Amid criticism and increasing tensions with the west, Iran’s Mahmoud Ahmadinejad has taken a Latin American tour of Venezuela, Nicaragua, Ecuador and Cuba, where the Iranian leader gave a key lecture, met with President Raul Castro and his brother Fidel, addressed bilateral cooperation relations and corroborated Havana´s support of his nuclear energy program.
GRN correspondent Luis Chirino was there:
Ahmadinejad in Havana (audio link)
Ahmadinejad visits Cuba as part of a controversial Latin American Tour.
Iran’s Mahmoud Ahmadinejad visited Cuba on January 10th as part of a Latin American tour that has appeared to be controversial for many, given increasing tensions between the West and Tehran. Venezuela, Nicaragua, Cuba and Ecuador were the countries included in Ahmadinejad’s agenda, reportedly aimed at “deepening bilateral friendly and cooperation relations.”
The newly announced European Union oil embargo on Iran, Tehran’s decision to go ahead with its nuclear program (which it claims to be a peaceful energy project), its decision to close the strait of Hormuz, the recent Iranian military exercises and the killing on January 10th of the fourth Iranian nuclear scientist, are major factors that have seasoned the environment of Ahmadinejad’s trip.
Just before the Iranian leader left Tehran the United States sent a clear warning to the four Latin American nations, as State Department spokeswoman Victoria Nuland said “We are making absolutely clear to countries around the world that now is not the time to be deepening ties, not security ties, not economic ties, with Iran.”
In this context, Mahmoud Ahmadinejad headed for Venezuela, where he signed a series of cooperation agreements. Later, he attended the swearing-in ceremony for Nicaragua’s Daniel Ortega and arrived in Cuba on Wednesday morning.
After being received by Cuban Vice-president Esteban Lazo, Ahmadinejad left the Jose Martí International airport without giving any statements to the press. Later he reappeared, as stipulated by the announced schedule, at the main hall of the Havana University where he was granted a Honoris Causa Doctorate in Political Sciences.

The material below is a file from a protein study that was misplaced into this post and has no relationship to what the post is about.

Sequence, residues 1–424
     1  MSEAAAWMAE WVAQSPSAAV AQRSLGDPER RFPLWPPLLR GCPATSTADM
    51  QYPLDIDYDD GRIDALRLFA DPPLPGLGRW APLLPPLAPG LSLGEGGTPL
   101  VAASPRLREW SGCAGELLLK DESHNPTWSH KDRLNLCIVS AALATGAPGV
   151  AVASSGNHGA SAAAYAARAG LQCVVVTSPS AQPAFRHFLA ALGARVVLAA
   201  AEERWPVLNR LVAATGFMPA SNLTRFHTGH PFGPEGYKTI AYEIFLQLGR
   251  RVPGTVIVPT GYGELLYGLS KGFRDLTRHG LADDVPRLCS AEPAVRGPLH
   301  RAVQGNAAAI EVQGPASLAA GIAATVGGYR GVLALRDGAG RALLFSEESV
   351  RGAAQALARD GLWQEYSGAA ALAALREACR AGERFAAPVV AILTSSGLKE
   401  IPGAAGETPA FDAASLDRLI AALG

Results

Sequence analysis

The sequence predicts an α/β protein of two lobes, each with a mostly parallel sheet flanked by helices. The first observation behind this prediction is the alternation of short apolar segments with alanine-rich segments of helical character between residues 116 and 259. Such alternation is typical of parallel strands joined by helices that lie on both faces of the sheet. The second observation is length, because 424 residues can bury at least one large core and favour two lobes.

In his lecture, attended by Vice-president Esteban Lazo, the University Rector, personalities in the academic world, professors, diplomats, government officials and students, the Iranian president focused on what he described as crucial factors for human beings to reach peace and happiness, such as justice and love for the others. He criticised capitalism for having missed these values and demanded what he called a fairer world order. This was the first activity that found international media repercussion.
Later in the evening, Ahmadinejad held official talks with President Raul Castro. The official press said that “the two leaders exchanged views on the excellent state of bilateral relations and international issues. And that they had ratified their countries’ commitment to defending peace, to international law and the UN Charter and to the rights of all states to use nuclear energy with peaceful means. They also reaffirmed their opposition to unilateral economic sanctions,” the paper said in direct reference to Havana’s support of Iran’s nuclear energy program and Iran’s position against the US economic, financial and commercial restrictions on Cuba, known as the American embargo.
Ahmadinejad’s last activity in Cuba was his meeting with former Cuban President Fidel Castro. He told reporters that bilateral relations between Havana and Tehran are excellent.
On Thursday morning, the Iranian head of state left Cuba for Ecuador where he will meet with President Rafael Correal. Ahmadinejad was seen off at Havana’s Jose Martí International Airport by his host Raul Castro.
For GRN, Luis Chirino.